Acrostic Limericks 49

© Can Stock Photo & damedeeso used with permission


Limerick, a popular form of short, humorous verse that is often nonsensical and frequently ribald. It consists of five lines, rhyming aabba, and the dominant metre is anapestic, with two metrical feet in the third and fourth lines and three feet in the others. Encyclopaedia Britannica

Many examples of acrostic poems can be found scattered around the web (where the first letter of each line spells out a word when read from top to bottom), but I have found very few examples of acrostic Limericks.

I now look out for prompts that contain five letters (or ten, fifteen or… let’s not get ahead of ourselves, eh?). I may add the odd one of my own, too.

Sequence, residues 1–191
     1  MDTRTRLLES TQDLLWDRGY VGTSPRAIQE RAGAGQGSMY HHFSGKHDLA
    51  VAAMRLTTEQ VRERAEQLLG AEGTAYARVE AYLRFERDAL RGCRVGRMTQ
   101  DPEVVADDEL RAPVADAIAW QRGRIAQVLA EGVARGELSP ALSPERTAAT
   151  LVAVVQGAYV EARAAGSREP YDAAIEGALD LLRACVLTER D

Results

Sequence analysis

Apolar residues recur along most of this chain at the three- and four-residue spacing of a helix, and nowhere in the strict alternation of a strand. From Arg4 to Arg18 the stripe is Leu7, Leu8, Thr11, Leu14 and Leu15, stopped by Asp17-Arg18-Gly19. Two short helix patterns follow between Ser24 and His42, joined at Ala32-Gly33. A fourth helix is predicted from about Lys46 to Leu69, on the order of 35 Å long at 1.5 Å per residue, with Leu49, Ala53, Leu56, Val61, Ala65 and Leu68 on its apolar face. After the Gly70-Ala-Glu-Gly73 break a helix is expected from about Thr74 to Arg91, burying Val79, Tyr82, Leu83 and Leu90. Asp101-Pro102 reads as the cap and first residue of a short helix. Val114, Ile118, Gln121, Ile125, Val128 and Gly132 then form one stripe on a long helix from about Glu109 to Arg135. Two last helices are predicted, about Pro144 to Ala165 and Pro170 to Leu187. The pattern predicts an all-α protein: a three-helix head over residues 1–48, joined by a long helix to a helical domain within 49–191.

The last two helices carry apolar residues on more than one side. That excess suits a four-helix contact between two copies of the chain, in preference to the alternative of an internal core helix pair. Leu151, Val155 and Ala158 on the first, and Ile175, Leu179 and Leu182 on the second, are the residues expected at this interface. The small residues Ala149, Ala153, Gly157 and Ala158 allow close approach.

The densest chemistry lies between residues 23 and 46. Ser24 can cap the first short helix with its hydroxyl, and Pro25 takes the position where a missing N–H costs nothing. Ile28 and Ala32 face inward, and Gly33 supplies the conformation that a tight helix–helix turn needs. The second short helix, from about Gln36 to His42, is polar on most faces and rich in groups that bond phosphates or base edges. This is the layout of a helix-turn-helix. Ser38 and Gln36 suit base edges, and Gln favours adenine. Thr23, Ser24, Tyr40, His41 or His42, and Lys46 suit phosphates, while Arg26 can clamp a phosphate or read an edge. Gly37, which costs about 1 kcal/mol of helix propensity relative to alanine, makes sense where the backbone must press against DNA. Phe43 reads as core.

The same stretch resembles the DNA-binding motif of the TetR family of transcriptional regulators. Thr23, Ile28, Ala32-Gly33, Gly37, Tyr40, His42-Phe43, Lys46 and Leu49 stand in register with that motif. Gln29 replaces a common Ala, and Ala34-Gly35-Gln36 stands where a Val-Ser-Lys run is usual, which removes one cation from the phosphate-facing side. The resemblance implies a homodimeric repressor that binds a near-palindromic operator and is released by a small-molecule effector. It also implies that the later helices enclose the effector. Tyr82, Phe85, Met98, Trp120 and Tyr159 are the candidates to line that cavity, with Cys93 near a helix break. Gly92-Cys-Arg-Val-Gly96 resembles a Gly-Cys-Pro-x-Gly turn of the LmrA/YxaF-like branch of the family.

Let me know what you think.



for Kristian –

Hasn’t it been such a waste,
Avarice mixed in with haste?
Surely I know
That taking it slow
Engenders a much sweeter taste.


for Kristian –

Blossoming flowers I see
Lining the fields around me.
Oh, such delight,
Shining and bright,
Spread like a pure golden sea.

Over the hedges and stiles
Making our way through the miles.
In fields and out,
Never in doubt.
Glorious, these British Isles!

Anyone care to join in?

6 thoughts on “Acrostic Limericks 49

Comments are closed.